Rocket Lab Brings Forward Milestone Recovery Mission

Table of Contents

Insider Brief:

  • Rocket Lab recovers the Electron rocket’s first stage during the company’s upcoming 40th mission.
  • The company also launches a pre-flown Rutherford engine for the first time, accelerating plans to make Electron the world’s first reusable small orbital rocket.
  • ‘We Love The Nightlife’ delivers the first of Capella’s next generation ‘Acadia’ Earth observation satellites.

PRESS RELEASE — Long Beach, California / August 23, 2023 — Rocket Lab USA, Inc (Nasdaq: RKLB) (“Rocket Lab” or “the Company”), a leading launch and space systems company, today announced it has accelerated its next recovery mission. The ‘We Love the Nightlife’ mission, scheduled for lift-off today, will now fly on a recovery-configured Electron rocket. For the first time, Rocket Lab will also launch a pre-flown Rutherford engine, a significant milestone in the program to evolve Electron into a reusable rocket.

Scheduled to launch as early 11:45 am NZST today (23:45 UTC) from Rocket Lab’s private orbital launch site in New Zealand, the mission will be Rocket Lab’s 40th Electron launch overall and will deploy a spacecraft for American space tech company Capella, a leading provider of commercial Synthetic Aperture Radar (SAR) imagery.

As a recovery mission, Electron’s first stage will return to Earth under a parachute after launch and splash down in the Pacific Ocean several hundred kilometers down range from Launch Complex 1. Rocket Lab’s marine recovery vessel will then extract the stage from the ocean and transport it back to Rocket Lab’s production complex for analysis and testing. Rocket Lab has previously recovered first stages from seven Electron launches and ‘We Love The Nightlife’ is intended to be one of the final tests before the Company attempts to refly a booster for the first time in the coming months.

In addition to recovering the booster, Rocket Lab will fly a pre-flown 3D printed Rutherford engine for the first time. The engine previously flew on the first stage of the ‘There and Back Again’ mission, successfully launched in May 2022. The engine has since undergone extensive qualification and acceptance testing to certify it for re-flight, including multiple full mission duration hot fires where the pre-flown engine performed flawlessly.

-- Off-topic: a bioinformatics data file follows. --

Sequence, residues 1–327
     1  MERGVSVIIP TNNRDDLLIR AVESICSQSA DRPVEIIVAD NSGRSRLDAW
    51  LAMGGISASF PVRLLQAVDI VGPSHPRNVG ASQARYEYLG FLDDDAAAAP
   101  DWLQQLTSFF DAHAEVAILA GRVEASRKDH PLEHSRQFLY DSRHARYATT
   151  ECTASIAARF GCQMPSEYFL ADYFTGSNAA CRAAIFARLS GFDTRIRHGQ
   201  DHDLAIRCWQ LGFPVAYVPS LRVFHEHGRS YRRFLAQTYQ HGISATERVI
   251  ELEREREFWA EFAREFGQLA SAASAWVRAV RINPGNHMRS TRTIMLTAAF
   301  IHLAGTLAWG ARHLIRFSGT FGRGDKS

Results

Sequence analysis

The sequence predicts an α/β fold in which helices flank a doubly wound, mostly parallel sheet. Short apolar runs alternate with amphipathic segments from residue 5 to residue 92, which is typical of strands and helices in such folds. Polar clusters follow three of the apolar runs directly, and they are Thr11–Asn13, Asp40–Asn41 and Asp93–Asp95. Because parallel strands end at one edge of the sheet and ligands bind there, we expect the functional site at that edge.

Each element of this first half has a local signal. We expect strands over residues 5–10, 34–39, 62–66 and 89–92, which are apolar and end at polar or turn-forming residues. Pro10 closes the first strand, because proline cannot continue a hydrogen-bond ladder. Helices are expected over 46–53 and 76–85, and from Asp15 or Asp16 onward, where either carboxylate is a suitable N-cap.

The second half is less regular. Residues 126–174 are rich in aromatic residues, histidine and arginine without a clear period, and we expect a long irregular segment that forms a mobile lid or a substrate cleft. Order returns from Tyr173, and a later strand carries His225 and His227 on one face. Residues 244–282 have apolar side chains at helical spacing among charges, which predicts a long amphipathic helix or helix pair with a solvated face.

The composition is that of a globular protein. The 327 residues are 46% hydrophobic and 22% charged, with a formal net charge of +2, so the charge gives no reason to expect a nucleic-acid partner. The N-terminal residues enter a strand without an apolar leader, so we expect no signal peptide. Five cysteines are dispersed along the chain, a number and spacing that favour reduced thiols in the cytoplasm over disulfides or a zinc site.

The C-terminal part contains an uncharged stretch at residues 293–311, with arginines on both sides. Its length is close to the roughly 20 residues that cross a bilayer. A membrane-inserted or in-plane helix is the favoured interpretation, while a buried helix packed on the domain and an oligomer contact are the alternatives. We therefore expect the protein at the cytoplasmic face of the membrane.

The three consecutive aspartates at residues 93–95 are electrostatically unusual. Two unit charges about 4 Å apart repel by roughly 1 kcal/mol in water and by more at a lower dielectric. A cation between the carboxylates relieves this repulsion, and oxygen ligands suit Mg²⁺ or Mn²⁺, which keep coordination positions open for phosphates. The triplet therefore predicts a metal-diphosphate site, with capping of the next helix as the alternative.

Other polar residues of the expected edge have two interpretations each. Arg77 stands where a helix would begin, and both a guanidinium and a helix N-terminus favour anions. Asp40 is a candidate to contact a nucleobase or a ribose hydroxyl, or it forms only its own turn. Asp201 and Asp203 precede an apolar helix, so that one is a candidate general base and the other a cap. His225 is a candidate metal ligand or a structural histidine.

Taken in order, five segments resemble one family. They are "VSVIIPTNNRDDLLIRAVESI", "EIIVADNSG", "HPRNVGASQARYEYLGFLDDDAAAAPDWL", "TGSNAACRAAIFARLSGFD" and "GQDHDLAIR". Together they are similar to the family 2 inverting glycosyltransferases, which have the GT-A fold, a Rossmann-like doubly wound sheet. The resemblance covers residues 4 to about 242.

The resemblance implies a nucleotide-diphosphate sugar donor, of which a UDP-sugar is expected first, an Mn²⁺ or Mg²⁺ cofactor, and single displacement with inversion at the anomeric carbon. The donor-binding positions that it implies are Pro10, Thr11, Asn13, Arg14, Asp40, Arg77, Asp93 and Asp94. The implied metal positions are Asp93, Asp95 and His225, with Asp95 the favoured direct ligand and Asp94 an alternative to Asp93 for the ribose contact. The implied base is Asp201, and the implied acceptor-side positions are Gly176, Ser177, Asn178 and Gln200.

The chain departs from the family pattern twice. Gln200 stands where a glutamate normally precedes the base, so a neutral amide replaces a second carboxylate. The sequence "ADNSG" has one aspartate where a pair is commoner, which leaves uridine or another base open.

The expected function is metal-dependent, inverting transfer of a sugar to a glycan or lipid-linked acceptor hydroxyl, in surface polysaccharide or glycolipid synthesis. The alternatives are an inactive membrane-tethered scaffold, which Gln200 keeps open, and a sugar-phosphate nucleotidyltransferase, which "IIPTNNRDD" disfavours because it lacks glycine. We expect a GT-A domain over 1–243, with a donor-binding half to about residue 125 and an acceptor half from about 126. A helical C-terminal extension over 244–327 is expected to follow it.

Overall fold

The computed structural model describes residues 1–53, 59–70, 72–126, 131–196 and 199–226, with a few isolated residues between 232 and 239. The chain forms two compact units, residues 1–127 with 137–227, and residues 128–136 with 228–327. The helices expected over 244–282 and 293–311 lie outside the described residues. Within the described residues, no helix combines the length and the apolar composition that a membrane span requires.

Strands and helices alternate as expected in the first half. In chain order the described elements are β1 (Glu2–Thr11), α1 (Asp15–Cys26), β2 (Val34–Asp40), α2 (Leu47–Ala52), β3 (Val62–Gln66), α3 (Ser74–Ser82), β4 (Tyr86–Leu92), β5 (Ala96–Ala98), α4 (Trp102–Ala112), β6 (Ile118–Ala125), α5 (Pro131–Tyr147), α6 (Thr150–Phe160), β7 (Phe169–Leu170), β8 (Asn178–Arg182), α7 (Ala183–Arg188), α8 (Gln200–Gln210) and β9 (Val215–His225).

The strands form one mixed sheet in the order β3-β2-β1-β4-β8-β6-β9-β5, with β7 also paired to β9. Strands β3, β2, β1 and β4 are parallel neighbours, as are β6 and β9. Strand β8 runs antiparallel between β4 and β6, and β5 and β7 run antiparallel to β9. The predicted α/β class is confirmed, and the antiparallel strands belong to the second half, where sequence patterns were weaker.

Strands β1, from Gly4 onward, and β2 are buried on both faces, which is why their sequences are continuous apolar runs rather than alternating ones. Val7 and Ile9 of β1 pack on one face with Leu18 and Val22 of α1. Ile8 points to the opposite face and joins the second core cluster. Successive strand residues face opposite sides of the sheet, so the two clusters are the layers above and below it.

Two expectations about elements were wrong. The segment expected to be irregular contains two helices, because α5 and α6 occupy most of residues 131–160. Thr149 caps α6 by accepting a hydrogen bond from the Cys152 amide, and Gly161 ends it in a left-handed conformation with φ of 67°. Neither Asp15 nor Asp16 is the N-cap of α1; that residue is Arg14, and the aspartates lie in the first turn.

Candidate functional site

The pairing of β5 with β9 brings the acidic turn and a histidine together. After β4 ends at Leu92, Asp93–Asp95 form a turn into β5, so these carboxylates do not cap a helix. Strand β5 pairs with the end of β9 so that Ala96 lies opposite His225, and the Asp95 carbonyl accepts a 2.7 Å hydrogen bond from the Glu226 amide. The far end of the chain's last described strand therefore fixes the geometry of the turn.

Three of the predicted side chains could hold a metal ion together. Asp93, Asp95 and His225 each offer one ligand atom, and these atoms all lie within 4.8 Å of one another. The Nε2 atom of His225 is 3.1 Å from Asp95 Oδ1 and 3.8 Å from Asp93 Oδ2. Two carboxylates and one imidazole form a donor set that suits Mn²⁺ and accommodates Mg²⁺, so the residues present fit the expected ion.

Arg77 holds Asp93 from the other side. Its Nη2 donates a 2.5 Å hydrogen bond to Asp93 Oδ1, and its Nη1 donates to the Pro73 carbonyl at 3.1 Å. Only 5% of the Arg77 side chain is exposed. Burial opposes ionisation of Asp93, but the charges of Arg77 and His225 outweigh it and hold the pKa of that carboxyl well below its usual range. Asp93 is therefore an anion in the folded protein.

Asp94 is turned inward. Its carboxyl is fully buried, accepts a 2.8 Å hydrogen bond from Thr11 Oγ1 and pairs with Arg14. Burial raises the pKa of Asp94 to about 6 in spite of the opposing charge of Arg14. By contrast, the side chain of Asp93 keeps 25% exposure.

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“This mission is a big step toward reusable Electron rockets,” said Rocket Lab founder and CEO Peter Beck. “The engines we’re bringing back from previous recovery missions are performing exceptionally well through requalification and acceptance testing, so we’re excited to send one on its second trip to space as one of the final steps before reflying an entire first stage. Once again our team has demonstrated impressive responsiveness by swapping vehicles matter of days, enabling us to get Capella to orbit on schedule, while giving us another opportunity to splash down and recover a new booster. With the production team pumping out a new Electron rocket every three weeks, we have the unique ability to shuffle stages around to maintain a rapid launch cadence.”

The ‘We Love the Nightlife’ mission was previously scheduled for launch earlier this month, and was initially not destined to be a recovery mission, but low ignitor pressure on a single engine during an initial launch attempt required the team to stand down and conduct further analysis. To keep the mission on schedule, and also expedite Rocket Lab’s reusability efforts the fairing, with Capella payload integrated within, was swapped onto the next available recovery-configured first stage in Rocket Lab’s production line.

‘We Love The Nightlife’ will deliver the first of Capella’s next generation ‘Acadia’ Earth observation satellites. The mission will be Rocket Lab’s third launch for Capella following the successful ‘Stronger Together’ mission launched in March 2023 from Rocket Lab Launch Complex 2 in Virginia, and the ‘I Can’t Believe It’s Not Optical’ mission in August 2020 from Launch Complex 1 in New Zealand, which deployed the first satellite in Capella’s SAR constellation.

SOURCE: Rocket Lab

Featured image: Rutherford engine. Credit: Rocket Lab

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